Maintenance Therapy With Ixazomib in Newly Diagnosed Multiple Myeloma
Posted: Monday, October 26, 2020
For patients with newly diagnosed multiple myeloma who are not undergoing autologous stem cell transplantation, maintenance therapy with the proteasome inhibitor ixazomib may prolong progression-free survival with tolerable toxicity, according to the phase III TOURMALINE-MM4 study published in the Journal of Clinical Oncology. Ixazomib is “the first proteasome inhibitor demonstrated in a randomized clinical trial to have single-agent efficacy for maintenance and is the first oral proteasome inhibitor option in this patient population,” explained Sagar Lonial, MD, of the Winship Cancer Institute of Emory University, Atlanta, and colleagues.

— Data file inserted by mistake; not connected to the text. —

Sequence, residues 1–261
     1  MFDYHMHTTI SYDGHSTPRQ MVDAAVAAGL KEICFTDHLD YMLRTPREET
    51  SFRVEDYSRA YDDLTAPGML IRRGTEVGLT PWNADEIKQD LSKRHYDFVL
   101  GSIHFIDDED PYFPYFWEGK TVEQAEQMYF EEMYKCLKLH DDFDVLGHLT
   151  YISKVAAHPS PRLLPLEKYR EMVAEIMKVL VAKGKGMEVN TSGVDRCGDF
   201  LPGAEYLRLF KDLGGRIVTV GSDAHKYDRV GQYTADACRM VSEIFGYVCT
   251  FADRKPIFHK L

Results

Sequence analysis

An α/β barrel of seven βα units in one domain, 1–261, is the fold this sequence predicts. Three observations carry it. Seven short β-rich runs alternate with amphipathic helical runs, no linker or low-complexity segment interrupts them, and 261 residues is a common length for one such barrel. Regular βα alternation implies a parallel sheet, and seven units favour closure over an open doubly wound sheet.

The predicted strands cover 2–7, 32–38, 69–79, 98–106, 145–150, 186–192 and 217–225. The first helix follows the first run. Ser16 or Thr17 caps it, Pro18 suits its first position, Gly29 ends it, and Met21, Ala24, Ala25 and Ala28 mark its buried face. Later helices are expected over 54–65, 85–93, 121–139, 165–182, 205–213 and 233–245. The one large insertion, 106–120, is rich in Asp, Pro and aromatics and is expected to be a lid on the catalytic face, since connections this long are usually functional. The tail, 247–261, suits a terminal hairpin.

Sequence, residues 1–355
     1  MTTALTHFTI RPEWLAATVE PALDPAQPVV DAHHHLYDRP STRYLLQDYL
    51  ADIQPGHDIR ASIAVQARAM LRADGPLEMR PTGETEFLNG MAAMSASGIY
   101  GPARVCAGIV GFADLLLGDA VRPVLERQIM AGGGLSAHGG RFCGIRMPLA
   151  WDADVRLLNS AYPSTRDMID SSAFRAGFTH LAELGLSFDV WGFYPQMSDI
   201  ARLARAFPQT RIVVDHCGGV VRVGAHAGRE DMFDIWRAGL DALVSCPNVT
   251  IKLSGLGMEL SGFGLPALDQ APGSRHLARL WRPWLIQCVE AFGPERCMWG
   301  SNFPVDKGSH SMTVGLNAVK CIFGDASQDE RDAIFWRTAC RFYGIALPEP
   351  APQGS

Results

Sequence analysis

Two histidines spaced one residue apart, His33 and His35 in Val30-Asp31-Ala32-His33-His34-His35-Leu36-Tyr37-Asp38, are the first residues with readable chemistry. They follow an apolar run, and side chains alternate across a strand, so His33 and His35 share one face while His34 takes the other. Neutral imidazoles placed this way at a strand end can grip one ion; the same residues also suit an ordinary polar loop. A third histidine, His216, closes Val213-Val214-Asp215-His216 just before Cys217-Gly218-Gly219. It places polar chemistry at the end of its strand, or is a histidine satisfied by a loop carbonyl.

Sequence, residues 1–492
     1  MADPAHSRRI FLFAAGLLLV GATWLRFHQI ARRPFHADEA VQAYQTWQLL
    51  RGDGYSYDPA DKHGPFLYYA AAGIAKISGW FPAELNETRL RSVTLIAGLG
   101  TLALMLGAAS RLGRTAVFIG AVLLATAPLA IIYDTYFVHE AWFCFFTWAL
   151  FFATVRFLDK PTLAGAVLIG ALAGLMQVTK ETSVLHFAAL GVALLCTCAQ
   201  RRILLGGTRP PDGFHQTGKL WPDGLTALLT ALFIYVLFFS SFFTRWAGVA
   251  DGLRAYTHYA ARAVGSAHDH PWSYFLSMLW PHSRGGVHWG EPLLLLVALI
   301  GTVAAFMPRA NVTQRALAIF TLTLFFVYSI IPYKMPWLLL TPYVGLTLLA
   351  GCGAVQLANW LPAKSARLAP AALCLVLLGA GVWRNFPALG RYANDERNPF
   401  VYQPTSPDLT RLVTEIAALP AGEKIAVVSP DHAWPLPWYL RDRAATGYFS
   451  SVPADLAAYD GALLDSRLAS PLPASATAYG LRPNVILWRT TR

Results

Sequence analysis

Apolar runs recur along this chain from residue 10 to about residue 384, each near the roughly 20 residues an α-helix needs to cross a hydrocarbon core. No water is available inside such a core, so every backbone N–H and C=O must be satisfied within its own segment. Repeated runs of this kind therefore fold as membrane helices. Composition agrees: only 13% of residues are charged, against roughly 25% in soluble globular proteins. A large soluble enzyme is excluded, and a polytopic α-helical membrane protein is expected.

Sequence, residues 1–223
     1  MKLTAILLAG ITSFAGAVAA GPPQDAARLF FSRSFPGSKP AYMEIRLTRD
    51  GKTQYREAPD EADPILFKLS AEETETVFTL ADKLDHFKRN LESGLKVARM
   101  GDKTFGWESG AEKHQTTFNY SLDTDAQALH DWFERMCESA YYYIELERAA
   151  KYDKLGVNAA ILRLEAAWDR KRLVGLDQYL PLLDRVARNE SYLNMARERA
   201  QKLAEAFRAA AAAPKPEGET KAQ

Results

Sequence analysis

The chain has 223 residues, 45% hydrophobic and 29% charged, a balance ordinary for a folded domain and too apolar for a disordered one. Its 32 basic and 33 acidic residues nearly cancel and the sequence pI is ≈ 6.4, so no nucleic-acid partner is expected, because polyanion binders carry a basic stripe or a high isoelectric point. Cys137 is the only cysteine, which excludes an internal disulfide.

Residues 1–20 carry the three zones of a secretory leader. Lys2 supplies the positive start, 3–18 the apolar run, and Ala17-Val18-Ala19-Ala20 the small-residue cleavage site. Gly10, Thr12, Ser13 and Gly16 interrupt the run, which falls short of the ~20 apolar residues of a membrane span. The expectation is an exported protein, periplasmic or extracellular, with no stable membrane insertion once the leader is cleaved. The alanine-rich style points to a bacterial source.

A total of 706 patients with multiple myeloma were recruited for the study. All patients had newly received their diagnosis, were not undergoing autologous stem cell transplantation and had achieved at least a partial response after 6 to 12 months of standard induction therapy. Patients were randomly assigned to receive oral ixazomib (n = 425) or a placebo (n = 281) on days 1, 8, and 15 of the 24-month treatment cycle.
The investigators reported that patients who received ixazomib demonstrated a 34.1% decreased risk of disease progression or death than those who received a placebo. This decrease was observed for 17.4 months in patients who received ixazomib and 9.4 months in patients who received the placebo. Moreover, patients who responded partially or completely post-induction demonstrated significant benefit from ixazomib treatment (hazard ratio = 0.586).
Patients treated with ixazomib had more treatment-related adverse effects than control patients (36.6% vs. 23.2%, respectively). These side effects included nausea (26.8% vs. 8.0%), vomiting (24.2% vs. 4.3%), and diarrhea (23.2% vs. 12.3%).
Disclosure: For full disclosures of the study authors, visit ascopubs.org.